This is the second part of our video and article, so keep reading for the final “8 uses of biogas digestate which you probably never heard of”, and as stated in the last video, attributions to companies shown in images and video clips refer to the copyright ownership of the CC content, and does not indicate endorsement of the content of the video

9 – Use as fertiliser for organic crops and farms

While use is possible for digestate, this not a likely use, because it is unlikely that fertilisers containing digestate could be certified as organic, due requirements for the complete absence of non-GM ingredients.

10 – 1 Nutrient extraction via Struvite Recovery

A number of technologies exist to extract nutrients from digestate, and Struvite Recovery in particular can be viable, and produces a high-value fertiliser.

10 – 2 Nutrient extraction and fuel production

A Swedish technology developed to treat horse manure can also treat digestate.

This dewatering and nutrient extraction process, produces biomass fuel pellets and biofertiliser pellets. The value as fuel has been quoted in the £80-£120 per tonne, plus biofertiliser £80-£150 per tonne.

10 – 3 Algal growth for nutrient removal

A potential method of nutrient extraction from organic wastes is the production of proteinaceous biomass by cultivating algae in engineered ponds.

Harvested algal biomass is a high-grade protein which can be used as an animal feed, or as a slow-release fertiliser.

11 Construction material

Researchers at Michegan State University are developing construction materials from dried manure fibres of anaerobically digested animal manure.

They are working to develop medium density fibreboards (MDF) and wood-plastic composites (WPC).

12 Fuel

12-1 Cellulosic Ethanol Production

Bioethanol is the primary fuel used as a petrol replacement for road transport vehicles and is produced by sugar formation.

The major source of sugar for bioethanol production has until now been from energy crops, but this use of crops is being outlawed by EU legislation.

Waste biomass, including digestate fibre, is a source of cellulose, cellulose, and hemicellulose and other organic materials that can be used as a low cost feedstock for enzymic hydrolysis to produce sugar, for subsequent fermentation to bioethanol.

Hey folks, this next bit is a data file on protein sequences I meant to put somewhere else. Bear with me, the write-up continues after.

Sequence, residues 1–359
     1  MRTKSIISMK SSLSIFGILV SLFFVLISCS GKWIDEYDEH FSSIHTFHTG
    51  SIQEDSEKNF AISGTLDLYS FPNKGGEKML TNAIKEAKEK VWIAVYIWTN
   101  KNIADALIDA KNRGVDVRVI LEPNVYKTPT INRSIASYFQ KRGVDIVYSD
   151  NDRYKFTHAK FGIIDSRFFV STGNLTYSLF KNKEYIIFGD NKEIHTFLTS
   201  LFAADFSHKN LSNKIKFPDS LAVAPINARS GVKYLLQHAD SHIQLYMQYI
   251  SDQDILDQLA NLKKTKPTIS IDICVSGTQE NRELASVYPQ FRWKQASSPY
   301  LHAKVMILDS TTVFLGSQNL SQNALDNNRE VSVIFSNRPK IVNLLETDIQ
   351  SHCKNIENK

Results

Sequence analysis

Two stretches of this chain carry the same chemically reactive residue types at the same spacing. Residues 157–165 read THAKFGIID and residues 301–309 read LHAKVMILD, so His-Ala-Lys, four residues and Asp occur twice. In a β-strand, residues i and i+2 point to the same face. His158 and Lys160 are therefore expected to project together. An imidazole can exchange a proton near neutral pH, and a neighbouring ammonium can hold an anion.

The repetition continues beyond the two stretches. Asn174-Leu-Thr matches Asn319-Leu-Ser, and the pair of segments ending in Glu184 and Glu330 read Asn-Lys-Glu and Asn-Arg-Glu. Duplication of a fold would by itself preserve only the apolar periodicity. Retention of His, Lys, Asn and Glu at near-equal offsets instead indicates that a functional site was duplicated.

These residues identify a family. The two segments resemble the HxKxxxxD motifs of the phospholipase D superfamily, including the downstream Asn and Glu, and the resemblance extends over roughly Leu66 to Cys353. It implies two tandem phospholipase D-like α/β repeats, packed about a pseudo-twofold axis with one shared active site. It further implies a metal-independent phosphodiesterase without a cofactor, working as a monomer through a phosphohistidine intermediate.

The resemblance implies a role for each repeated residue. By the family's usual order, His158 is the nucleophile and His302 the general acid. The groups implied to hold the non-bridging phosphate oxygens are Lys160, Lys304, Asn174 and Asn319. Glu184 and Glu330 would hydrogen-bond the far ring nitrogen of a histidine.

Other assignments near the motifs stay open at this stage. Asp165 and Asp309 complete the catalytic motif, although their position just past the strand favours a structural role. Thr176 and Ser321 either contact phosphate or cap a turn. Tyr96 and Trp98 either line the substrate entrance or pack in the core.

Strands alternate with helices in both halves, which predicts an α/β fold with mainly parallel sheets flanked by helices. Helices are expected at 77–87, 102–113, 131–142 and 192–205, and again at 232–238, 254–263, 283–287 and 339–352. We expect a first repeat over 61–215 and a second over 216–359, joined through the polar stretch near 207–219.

Recent research shows digestate is a better biomass source than switchgrass which is a common feedstock used currently.

12-2 Biodiesel production

While use is possible for digestate, there is little potential to produce biodiesel from digestate.

Digestate would be disadvantaged by its relatively low C:N ratio, as a basic requirement is a high C:N ratio of about 100, which is not met by digestate.

12-3 Digestate as solid fuel

Digestate fibre dried, and pelletised can be used as a solid fuel.

Dried in a drum-dryer using waste heat from biogas production, to 80-85% dry matter this can be a net fuel saver, when there is no better use for the AD plant heat.

This might be a useful option for digestate in hot dry climates where digestate can be left to dry in the summer sun.

13 Biopesticides production

Yes – even more surprisingly, digestate may be useful to the production of sustainable Biopesticides!

Replacing chemical insecticides with biological agents for pest control is considered desirable to improve environmental quality, food safety, human and animal health.

Here again digestate may have a role to play as it seems that there may be potential to produce biopesticides from anaerobically digested food and farm waste.


This article (and the two videos) are based upon a WRAP Report on digestate, which is available from WRAP here, and WRAP has provided a very thorough report. We hope that by providing these videos we have helped the broaden the thought process of our readers to see the possibilities that biogas digestate presents. However, for most of these ideas a substantial amount of further research would be needed, and for some it would be necessary in investing in pilot studies and prototype designs to prove the concept.